The image of Cambridge’s iconic Carter’s Flat is of an area where industrial and commercial activity is to the fore.
But in a proposed change to the Waipā District Plan, the 20ha of land looks set to become home to commercial, large format retail activities and medium density residential above the ground floor.
The council’s Strategic Planning and Policy committee received a report from District Plan and Growth manager Tony Quickfall on Tuesday and approved for it to go out to consultation.
The change would lift the area’s current Deferred Commercial Zone to Commercial Zone: Carters Flat. When it is advertised later this month, a Carters Flat Local Area Plan will accompany the notification.
That plan outlines how it would become a well-functioning urban area which adds to the vibrancy and amenity of Cambridge while providing an environment where businesses could grow.
Carter’s Flat is on a lower terrace of land between Lake Te Koo Utu and Karāpiro Stream to the east of Cambridge’s central business district (CBD).
It has a range of industrial and commercial activities located within it.
The change to the plan will remove the current commercial/light industrial zone and make it a mixed use area suitable for larger scale commercial activities that would not compete with the Cambridge CBD.
It would include retail and office space supported by apartment living.
“A plan change would create more certainty to the plan user and landowners of the direction and anticipated outcomes of this area. It would create a clear link to, and be consistent with, the Cambridge Town Concept Plan 2010 and the Town Concept Plan Refresh 2019,” Quickfall told the committee.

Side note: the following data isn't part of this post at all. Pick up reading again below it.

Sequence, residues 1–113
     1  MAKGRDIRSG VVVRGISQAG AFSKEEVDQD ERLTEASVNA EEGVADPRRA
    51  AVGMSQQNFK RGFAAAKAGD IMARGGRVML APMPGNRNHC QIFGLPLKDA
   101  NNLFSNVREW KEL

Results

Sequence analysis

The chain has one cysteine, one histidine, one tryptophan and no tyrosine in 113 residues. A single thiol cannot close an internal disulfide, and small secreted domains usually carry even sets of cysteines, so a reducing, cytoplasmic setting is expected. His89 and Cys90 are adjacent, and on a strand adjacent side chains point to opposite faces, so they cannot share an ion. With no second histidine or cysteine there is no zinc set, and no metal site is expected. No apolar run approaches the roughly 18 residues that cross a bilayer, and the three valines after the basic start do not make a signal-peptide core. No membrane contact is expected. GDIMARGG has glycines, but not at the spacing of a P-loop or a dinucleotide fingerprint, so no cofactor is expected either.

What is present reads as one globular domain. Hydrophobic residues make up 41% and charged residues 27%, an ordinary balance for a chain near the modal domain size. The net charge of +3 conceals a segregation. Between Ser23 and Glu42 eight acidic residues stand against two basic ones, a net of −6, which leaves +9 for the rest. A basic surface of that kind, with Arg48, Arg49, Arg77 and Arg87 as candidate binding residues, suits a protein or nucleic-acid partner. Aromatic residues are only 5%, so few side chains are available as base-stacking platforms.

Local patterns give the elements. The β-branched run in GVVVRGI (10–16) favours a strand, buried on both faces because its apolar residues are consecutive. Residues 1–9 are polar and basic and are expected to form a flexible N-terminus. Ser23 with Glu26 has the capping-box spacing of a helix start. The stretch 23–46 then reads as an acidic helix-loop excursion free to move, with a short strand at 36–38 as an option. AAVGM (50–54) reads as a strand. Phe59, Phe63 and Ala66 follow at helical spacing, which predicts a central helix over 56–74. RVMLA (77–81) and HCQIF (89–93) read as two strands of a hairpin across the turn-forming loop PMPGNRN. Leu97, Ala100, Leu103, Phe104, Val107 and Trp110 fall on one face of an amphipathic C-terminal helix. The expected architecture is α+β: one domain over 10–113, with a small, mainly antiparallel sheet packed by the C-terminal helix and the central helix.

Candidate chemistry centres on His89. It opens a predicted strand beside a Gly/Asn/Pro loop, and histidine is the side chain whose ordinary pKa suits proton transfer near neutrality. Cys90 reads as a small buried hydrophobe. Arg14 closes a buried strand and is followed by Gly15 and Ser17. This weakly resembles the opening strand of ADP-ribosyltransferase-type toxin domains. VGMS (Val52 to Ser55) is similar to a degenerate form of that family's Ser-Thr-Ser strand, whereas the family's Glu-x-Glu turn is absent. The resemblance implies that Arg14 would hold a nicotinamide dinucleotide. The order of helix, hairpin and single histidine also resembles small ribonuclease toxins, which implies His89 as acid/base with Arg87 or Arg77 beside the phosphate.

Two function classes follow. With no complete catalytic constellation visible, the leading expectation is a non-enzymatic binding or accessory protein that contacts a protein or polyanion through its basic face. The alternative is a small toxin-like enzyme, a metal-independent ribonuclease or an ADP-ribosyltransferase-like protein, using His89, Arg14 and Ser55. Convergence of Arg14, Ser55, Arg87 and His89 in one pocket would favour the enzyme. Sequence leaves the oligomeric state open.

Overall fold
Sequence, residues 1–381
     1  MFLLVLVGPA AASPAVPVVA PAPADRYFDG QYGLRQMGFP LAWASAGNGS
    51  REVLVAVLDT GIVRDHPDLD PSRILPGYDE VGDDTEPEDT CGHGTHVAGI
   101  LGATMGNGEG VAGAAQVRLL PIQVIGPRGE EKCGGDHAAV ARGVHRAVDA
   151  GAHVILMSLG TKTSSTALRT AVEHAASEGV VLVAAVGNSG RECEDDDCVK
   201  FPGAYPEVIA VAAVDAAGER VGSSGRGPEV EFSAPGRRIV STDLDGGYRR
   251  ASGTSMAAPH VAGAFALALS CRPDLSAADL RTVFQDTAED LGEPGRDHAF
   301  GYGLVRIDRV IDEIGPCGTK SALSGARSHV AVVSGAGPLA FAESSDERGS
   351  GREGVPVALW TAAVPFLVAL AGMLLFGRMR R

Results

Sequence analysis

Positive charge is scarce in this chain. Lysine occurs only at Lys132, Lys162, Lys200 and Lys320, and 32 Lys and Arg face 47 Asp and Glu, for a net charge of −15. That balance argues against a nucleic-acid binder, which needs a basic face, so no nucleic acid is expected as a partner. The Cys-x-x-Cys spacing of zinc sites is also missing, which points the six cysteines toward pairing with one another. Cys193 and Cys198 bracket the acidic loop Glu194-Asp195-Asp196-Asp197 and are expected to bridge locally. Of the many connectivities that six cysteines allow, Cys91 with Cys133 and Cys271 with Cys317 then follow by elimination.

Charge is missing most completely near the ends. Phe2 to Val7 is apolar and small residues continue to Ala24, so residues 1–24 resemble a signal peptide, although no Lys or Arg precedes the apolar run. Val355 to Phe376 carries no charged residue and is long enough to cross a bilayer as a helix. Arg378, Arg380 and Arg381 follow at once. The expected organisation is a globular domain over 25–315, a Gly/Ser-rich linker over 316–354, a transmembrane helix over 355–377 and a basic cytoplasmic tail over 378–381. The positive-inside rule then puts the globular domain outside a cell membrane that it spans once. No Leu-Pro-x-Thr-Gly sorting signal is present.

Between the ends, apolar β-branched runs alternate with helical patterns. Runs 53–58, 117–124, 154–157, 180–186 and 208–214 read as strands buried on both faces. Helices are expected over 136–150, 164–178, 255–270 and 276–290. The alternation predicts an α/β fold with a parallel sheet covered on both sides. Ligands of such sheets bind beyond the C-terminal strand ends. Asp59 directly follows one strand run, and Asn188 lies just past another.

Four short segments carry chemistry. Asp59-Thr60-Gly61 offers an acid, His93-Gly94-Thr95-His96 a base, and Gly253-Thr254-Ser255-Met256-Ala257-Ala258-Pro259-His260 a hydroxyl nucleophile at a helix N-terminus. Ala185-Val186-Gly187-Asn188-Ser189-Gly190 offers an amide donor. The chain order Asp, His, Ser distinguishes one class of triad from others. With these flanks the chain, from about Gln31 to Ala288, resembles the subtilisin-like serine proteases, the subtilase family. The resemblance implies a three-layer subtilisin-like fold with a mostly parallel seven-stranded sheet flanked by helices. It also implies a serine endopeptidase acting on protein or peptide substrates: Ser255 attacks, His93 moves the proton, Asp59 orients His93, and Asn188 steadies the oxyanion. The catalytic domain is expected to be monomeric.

Cambridge already has industrial zones in Hautapu and Matos Segedin Drive which can accommodate heavy industrial growth.
The plan change would also see connections to Lakewood and Cambridge CBD improved and include space and consideration for bus stops and a connection between upper and lower Alpha Street.
Cambridge Chamber of Commerce has been in favour of the plan change while noting existing businesses in Carter’s Flat, particularly those which generate noise or odours, may be concerned about the introduction of residential tenancies in the area.
It could generate complaints despite those businesses having existing use rights.
The area is named after American William Kennedy ‘King’ Carter, a tall, athletic man who ran a coach service in Cambridge from the 1870s to Auckland, Rotorua and Taupo, offering passenger and mail services, and using carrier pigeons to relay messages between stops.
He had a horse bazaar in Lake Street, and stables in the area named after him – Carter’s Flat, 25 passenger coaches as well as buggies and wagons for hire, and well over 100 horses. Carter died in 1918, aged 95.